On 19 November 1947, the Municipal Court in Iłża with Judge M. Pytlewski presiding interviewed the person specified below as a witness, without administering an oath. Having been advised of the criminal liability for making false declarations and of the provisions of Article 107 of the Code of Criminal Procedure, the witness testified as follows:

Name and surname Marianna Belica
Age 43 years old
Parents’ names NN and Katarzyna Ziętek
Place of residence Podsuliszka, Zalesice commune
Occupation farmer
Religious affiliation Roman Catholic
Criminal record none
Relationship to the parties mother of the victim Tadeusz Belica

The German gendarmes arrived in our village and were quartered there for several days. They later moved to the neighboring Modrzejowice estate. They had black and light grey uniforms.

On 14 August 1943, they surrounded the village of Podsuliszka and herded everyone into one place in front of Bronisław Kopania’s buildings. They took all the men from Podsuliszka and Suliszka, and rushed them to the Modrzejowice estate. Among them were also several women. They did not take children. They locked everyone up in the basement for the night. In the morning of 15 August 1943, my daughter Marianna escaped from Modrzejowice. After a while I heard shots and screaming in the Pakosław Forest, around a kilometer away from Modrzejowice. Upon hearing the shots I ran to the Modrzejowice estate to ask about my husband and son who had been detained. In the Modrzejowice estate I encountered two Germans without the right palms of their hands, wearing black uniforms. They wanted to tear me apart by pulling my arms in the opposite directions. In that moment, a tall German who hadn’t yet put his uniform on exited the apartment, forbade the two Germans from tormenting me, and asked why I was there. When I said that I wanted to ask about my husband and children, he replied that my daughter had escaped, my son had been killed and my husband would end up in a pit as well.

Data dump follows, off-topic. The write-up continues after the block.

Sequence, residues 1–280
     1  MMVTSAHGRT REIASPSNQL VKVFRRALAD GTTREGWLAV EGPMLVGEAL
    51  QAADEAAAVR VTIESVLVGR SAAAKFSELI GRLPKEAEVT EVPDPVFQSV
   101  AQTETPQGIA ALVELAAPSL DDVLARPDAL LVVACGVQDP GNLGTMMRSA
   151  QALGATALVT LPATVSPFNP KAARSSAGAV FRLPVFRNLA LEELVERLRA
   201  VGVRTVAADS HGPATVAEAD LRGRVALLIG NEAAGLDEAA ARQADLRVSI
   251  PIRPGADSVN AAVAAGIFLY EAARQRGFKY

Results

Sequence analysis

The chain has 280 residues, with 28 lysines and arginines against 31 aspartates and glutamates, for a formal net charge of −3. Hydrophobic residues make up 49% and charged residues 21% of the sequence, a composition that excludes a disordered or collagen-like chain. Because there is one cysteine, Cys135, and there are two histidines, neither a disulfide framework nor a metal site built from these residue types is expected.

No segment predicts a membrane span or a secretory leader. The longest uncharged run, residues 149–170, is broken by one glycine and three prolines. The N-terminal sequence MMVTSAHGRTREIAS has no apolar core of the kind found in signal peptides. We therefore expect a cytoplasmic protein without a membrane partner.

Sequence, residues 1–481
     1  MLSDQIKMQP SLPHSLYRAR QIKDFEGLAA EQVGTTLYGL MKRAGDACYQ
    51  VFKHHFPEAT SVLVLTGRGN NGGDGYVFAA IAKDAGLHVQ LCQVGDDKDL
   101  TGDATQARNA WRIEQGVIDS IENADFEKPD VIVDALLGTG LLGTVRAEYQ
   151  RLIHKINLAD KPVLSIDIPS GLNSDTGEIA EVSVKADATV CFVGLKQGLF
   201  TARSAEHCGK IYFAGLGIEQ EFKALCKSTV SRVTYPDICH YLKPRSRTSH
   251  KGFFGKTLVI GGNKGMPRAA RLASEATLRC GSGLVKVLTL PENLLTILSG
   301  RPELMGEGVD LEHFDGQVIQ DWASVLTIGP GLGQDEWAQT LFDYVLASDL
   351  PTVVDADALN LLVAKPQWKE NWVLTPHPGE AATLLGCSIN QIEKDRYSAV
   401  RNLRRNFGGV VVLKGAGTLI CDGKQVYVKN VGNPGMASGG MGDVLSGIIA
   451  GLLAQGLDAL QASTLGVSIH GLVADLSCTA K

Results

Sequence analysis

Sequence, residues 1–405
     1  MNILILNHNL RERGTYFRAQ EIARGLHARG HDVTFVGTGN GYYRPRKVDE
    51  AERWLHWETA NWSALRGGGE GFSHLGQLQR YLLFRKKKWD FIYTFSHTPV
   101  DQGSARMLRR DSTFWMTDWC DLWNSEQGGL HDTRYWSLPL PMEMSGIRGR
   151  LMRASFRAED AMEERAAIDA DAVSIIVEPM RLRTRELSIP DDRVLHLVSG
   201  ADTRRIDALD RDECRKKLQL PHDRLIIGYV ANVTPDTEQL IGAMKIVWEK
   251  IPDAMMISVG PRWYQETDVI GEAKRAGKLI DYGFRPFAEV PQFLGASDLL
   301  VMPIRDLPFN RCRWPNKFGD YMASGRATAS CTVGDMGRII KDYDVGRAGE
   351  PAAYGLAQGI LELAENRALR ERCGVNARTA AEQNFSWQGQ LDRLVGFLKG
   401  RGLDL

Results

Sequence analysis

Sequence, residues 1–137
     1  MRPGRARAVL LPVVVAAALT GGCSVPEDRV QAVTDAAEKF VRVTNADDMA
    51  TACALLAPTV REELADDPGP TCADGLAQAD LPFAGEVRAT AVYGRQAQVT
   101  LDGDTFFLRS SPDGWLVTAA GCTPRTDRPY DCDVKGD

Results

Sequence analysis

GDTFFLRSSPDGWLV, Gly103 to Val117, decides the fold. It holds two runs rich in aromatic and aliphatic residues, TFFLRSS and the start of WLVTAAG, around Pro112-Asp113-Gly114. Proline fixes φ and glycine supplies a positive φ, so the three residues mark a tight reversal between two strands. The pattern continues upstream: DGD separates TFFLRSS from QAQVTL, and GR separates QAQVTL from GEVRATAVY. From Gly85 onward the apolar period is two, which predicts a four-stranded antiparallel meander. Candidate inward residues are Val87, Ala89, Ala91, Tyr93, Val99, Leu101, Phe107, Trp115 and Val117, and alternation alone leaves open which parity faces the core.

The young detainees were assigned numbers, the elder ones were not. The youth who had been assigned numbers were shot to death in the forest on the morning of 15 August 1943, while the elders remained in the estate. Following the intervention of Woźniak, the forester from Antoniów (a forester’s lodge near Modrzejowice), the elders were released on 15 August 1943, at about 7.00 a.m.

16 young men were killed, including my son Tadeusz, while 9 others escaped. The Germans buried all of them in one pit. On the third day I buried my son in the cemetery in Alojzów. Out of these Germans, I would recognize the two without their right hands and the tall one, who had an elongated, pock-marked face. I do not know their surnames.

The report was read out.